Inside our Lufthansa Air Swing VR Experience
What did you want to accomplish with the project?
For Lufthansa's appearance at the ITB - the largest tourism trade fair in the world, we wanted to awake the curiosity of trade fair visitors. Specifically – a desire to travel to some of the selected destinations served by Lufthansa Group airlines. Therefore – in cooperation with Kolle Rebbe – we created an immersive VR swing.
What technical challenges did you encounter and how did you solve them?
There where two main challenges: First, connecting a real swing to the virtual world. And second, creating photorealisitic environments that reflect destinations all over the world.
To connect the real and the virtual world, both the position of the swing, and the users head movements in the head set were tracked. Several trackers, attached to the sides of the swing, transferred the exact position and acceleration of the swing precisely into the virtual scene. This set-up enabled us to unite the real rocking experience and the virtual 3D world into one unseen experience.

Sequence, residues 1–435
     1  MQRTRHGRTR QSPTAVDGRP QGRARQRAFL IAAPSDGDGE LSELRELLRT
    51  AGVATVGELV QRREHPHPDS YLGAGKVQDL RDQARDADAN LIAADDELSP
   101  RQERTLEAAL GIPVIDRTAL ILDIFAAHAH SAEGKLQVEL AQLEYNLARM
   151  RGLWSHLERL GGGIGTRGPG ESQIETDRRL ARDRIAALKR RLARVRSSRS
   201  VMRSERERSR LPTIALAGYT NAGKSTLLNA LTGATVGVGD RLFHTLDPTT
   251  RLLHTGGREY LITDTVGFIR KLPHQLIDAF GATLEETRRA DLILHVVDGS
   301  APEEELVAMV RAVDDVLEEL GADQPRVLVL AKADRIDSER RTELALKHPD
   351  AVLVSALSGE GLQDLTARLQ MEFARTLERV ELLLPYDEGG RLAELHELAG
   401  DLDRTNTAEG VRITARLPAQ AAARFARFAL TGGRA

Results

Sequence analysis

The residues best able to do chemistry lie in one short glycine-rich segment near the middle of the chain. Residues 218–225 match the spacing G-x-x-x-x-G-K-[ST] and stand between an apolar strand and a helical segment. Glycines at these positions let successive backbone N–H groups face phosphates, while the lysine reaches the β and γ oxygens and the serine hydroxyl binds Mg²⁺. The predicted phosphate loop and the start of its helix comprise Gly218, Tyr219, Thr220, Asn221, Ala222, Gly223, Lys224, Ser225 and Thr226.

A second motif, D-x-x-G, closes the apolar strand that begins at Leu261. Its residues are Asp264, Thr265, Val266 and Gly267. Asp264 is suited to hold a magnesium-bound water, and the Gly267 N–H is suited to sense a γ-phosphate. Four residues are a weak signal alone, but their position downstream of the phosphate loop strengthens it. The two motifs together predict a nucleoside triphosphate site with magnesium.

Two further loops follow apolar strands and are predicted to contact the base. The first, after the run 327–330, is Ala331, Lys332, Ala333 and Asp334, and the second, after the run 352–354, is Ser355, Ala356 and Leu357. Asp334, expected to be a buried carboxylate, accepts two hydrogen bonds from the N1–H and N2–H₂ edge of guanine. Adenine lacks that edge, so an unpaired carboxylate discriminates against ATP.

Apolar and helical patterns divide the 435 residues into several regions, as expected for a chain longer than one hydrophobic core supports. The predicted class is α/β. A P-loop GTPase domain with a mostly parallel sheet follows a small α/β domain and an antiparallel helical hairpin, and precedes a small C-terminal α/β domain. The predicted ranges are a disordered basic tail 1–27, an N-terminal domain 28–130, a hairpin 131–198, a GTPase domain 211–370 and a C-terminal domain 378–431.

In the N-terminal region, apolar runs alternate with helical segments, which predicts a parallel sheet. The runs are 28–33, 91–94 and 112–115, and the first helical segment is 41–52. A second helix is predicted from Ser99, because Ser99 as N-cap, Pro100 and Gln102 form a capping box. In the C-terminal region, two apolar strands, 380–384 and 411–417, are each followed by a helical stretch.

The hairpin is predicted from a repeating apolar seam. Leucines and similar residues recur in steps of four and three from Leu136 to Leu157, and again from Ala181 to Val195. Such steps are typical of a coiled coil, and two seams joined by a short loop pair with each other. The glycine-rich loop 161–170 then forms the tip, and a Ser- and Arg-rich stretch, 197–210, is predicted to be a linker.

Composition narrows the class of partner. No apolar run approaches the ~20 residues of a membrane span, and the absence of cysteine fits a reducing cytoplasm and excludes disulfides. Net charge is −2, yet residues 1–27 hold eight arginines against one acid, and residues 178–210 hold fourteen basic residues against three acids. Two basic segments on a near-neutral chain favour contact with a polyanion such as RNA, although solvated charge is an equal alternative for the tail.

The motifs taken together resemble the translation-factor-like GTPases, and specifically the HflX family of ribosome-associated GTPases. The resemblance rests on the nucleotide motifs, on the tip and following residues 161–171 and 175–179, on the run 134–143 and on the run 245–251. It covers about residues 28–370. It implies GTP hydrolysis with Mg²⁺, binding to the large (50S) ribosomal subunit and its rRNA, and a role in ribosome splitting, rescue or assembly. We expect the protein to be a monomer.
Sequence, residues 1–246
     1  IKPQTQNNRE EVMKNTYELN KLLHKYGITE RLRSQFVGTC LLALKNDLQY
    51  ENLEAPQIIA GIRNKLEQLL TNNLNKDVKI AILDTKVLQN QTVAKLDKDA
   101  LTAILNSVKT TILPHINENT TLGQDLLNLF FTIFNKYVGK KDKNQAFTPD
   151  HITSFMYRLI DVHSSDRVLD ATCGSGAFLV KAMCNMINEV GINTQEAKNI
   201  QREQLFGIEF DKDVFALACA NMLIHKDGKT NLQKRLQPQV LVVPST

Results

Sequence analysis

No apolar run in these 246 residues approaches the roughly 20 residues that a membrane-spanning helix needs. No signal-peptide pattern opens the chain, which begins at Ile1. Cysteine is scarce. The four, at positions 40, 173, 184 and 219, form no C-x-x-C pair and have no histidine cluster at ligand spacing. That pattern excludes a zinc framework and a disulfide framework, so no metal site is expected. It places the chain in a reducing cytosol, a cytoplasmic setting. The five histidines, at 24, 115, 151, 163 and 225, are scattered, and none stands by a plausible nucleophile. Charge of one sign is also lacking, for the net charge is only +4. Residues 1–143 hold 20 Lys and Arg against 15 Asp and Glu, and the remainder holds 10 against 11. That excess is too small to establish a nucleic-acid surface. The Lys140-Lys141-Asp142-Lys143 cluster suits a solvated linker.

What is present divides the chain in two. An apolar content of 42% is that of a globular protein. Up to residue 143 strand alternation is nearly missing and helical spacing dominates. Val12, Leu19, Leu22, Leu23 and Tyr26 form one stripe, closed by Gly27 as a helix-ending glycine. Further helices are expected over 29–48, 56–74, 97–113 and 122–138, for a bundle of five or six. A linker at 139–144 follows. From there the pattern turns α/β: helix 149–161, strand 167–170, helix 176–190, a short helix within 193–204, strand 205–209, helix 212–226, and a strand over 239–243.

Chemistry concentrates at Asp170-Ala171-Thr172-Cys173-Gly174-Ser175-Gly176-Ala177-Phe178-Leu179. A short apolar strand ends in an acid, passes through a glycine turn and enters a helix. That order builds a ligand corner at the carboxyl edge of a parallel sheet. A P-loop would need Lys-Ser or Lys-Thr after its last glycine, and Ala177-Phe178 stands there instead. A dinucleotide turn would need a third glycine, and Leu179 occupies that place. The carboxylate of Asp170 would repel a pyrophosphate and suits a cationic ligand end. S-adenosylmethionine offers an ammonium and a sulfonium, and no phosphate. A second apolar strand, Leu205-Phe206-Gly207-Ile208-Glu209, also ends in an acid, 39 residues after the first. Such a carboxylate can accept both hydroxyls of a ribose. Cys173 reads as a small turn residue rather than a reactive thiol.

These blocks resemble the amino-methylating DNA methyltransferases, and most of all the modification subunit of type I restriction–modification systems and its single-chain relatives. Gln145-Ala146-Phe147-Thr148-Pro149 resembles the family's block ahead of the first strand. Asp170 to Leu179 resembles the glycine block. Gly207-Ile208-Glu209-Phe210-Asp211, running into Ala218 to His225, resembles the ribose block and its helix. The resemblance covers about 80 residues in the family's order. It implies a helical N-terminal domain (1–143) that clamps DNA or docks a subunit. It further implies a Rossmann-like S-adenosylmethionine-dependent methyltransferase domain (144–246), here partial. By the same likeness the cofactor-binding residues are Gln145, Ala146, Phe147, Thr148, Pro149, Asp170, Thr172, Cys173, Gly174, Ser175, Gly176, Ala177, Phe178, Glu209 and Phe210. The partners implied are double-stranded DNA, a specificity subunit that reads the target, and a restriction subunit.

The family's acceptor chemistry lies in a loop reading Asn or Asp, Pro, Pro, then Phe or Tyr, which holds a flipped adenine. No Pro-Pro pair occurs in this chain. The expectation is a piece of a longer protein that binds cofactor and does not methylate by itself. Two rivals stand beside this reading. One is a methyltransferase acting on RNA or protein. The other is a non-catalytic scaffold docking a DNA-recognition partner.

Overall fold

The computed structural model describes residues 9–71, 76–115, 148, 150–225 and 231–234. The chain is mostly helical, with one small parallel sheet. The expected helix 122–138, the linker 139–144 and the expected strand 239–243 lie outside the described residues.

To create the realistic environments, photorealistic visuals and authentic topography were generated by a software specially programmed for this application – using high-resolution Google Maps satellite images, and separate elevation information. In addition realistic, animated clouds, birds and several location-specific 3D assets enhanced the experience and the immersive feeling of depth.
What did winning the FWA award mean to you?
We are always excited to share our projects with the FWA community and receive feedback. Eventually, winning an FWA is great. The FWA has always been a place for awesome projects, and we appreciate being a part of it.
Starting with 3D renderings in Maya, ZBrush and Substance Painter we then developed the interactive experience and the realtime-3D elements in Unity expanded by a custom terrain map generator.
Three hot facts:
- Visitors are located around 15,000 feet above the surface.
- Each of the destinations uses over 40smi large 3D models.
- Adventurous users could “free-fall” more than 3,000 feet before being slowed down.